Fannie, Freddie Down on Closure Bill - Analyst Blog

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Shares of Fannie Mae ( FNMA ) and Freddie Mac ( FMCC ) were down 7.5% and 8.0% respectively on Thursday, following the passage of the bill to shut them down. The Senate Banking Committee approved the bill supporting elimination of these two government sponsored enterprises (:GSEs).

Though the bipartisan bill received support from 13 of 22 members of the Senate Committee, several Democrats and Republicans voted against it. Hence, with the lack of full support from the Democrats, the chances of legislation passing the full Senate are slim.

The bill to wind down Fannie Mae and Freddie Mac was framed by Republican Senator Mike Crapo and his Democratic colleague Tim Johnson. The main aim of the bill is to ensure that taxpayers' money will not be at risk in case Fannie Mae and Freddie Mac require a bailout again.

In Sep 2008, the government had taken over Fannie Mae and Freddie Mac in the wake of the housing market collapse. The companies were infused with around $188 billion of tax-payers money.

Under the terms of the bailout, the U.S. Treasury suspended the dividend payments by Fannie Mae and Freddie Mac to non-government stakeholders. Though shares of these two companies continued to be publicly traded, the stocks lost much of the value as investors doubted whether the GSEs would turn profitable again. Nevertheless, these GSEs did turn profitable, thanks to recovery in the housing sector.

Despite turning profitable and aiding in lowering the federal deficit (through significant dividend payments), Fannie Mae and Freddie Mac are still considered a risk to the government. Hence, the bill aims to shift the mortgage financing risk to the private sector.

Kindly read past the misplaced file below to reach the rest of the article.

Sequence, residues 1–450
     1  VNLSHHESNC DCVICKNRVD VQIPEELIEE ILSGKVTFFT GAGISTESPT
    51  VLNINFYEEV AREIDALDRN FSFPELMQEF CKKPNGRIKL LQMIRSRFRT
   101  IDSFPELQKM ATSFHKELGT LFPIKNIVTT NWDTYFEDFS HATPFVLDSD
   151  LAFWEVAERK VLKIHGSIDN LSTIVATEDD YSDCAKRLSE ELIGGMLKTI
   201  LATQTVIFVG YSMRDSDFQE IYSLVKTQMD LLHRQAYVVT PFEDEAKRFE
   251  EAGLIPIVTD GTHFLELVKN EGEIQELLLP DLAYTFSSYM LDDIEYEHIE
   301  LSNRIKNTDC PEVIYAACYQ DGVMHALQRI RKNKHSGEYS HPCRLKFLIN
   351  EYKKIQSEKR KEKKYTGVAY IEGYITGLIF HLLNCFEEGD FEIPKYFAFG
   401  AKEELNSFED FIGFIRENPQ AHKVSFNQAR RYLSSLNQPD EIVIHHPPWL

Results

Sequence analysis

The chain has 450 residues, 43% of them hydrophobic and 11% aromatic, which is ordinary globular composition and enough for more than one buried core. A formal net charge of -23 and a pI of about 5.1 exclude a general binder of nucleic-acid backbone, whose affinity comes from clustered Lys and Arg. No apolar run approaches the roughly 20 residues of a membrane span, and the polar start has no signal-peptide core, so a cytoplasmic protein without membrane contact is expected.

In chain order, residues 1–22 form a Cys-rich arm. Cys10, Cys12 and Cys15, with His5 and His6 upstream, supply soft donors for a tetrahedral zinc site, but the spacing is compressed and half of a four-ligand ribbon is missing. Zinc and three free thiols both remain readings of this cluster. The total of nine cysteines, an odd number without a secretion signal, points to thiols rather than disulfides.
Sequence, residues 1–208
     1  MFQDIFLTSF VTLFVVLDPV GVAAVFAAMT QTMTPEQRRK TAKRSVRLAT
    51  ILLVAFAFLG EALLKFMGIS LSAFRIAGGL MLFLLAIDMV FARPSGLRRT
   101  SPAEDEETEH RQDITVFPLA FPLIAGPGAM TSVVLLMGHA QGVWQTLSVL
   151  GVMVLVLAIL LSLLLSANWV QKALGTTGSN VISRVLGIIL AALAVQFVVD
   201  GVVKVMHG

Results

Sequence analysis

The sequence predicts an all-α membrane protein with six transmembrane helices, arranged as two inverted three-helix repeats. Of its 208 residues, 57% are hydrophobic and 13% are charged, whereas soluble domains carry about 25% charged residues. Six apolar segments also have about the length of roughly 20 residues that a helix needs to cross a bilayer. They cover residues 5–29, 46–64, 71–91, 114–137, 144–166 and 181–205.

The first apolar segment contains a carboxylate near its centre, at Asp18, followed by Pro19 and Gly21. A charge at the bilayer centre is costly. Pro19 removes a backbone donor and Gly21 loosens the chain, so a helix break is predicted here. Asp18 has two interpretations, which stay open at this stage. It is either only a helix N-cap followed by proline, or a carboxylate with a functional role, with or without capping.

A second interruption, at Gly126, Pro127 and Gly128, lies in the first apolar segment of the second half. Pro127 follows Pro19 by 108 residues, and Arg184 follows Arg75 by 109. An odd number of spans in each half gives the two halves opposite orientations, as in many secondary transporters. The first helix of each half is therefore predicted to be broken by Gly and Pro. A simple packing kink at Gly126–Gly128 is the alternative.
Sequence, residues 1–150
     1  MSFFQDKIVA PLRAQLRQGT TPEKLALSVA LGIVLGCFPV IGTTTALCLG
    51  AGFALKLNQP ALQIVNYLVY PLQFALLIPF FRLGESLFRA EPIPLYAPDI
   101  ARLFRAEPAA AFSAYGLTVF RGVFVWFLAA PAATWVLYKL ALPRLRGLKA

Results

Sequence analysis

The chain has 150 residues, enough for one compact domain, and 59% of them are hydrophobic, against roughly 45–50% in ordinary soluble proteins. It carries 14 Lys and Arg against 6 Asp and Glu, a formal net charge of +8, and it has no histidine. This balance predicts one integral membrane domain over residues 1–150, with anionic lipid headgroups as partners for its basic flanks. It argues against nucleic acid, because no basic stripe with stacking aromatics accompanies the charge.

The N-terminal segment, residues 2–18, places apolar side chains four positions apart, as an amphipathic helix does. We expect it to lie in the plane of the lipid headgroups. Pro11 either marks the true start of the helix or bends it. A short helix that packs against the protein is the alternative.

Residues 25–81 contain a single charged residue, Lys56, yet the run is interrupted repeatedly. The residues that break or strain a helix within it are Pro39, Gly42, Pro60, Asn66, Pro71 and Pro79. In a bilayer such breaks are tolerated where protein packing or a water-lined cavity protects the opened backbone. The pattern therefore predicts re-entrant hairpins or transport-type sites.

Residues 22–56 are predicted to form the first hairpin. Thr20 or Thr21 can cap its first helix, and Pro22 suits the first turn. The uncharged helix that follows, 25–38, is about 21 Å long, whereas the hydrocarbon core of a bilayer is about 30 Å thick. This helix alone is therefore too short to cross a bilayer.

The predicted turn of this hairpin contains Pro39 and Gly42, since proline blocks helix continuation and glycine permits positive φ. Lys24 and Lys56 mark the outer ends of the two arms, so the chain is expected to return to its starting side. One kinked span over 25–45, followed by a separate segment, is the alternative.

The idea is to create a new system of federally insured mortgage securities similar to the Federal Deposit Insurance Corporation (:FDIC). The Federal Mortgage Insurance Corporation will build a mortgage insurance fund to protect taxpayers from future bailouts. Additionally, private insurers will bear the initial impact in case of losses, before the government guarantee is triggered.

At present, Fannie Mae and Freddie Mac own or guarantee nearly 60% of all the U.S. residential loans. These loans are then packaged into securities and sold to investors. Therefore, any plan to close them could again lead to housing crisis as the U.S. economy is still struggling to recover fully.

Moreover, the bill requires approval from both Houses to be made into a law. However, chances of the bill being passed before mid-term elections in Nov 2014 appear to be dim. Further, even if the decision to close Fannie Mae and Freddie Mac is taken, it would be a long-drawn process.

Currently, Fannie Mae carries a Zacks Rank #3 (Hold), while Freddie Mac has a Zacks Rank #5 (Strong Sell). Some better-ranked stocks in the finance sector include Home Loan Servicing Solutions, Ltd. ( HLSS ) and Affiliated Managers Group Inc. ( AMG ). Both of these sport a Zacks Rank #1 (Strong Buy).

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The views and opinions expressed herein are the views and opinions of the author and do not necessarily reflect those of Nasdaq, Inc.

The views and opinions expressed herein are the views and opinions of the author and do not necessarily reflect those of Nasdaq, Inc.

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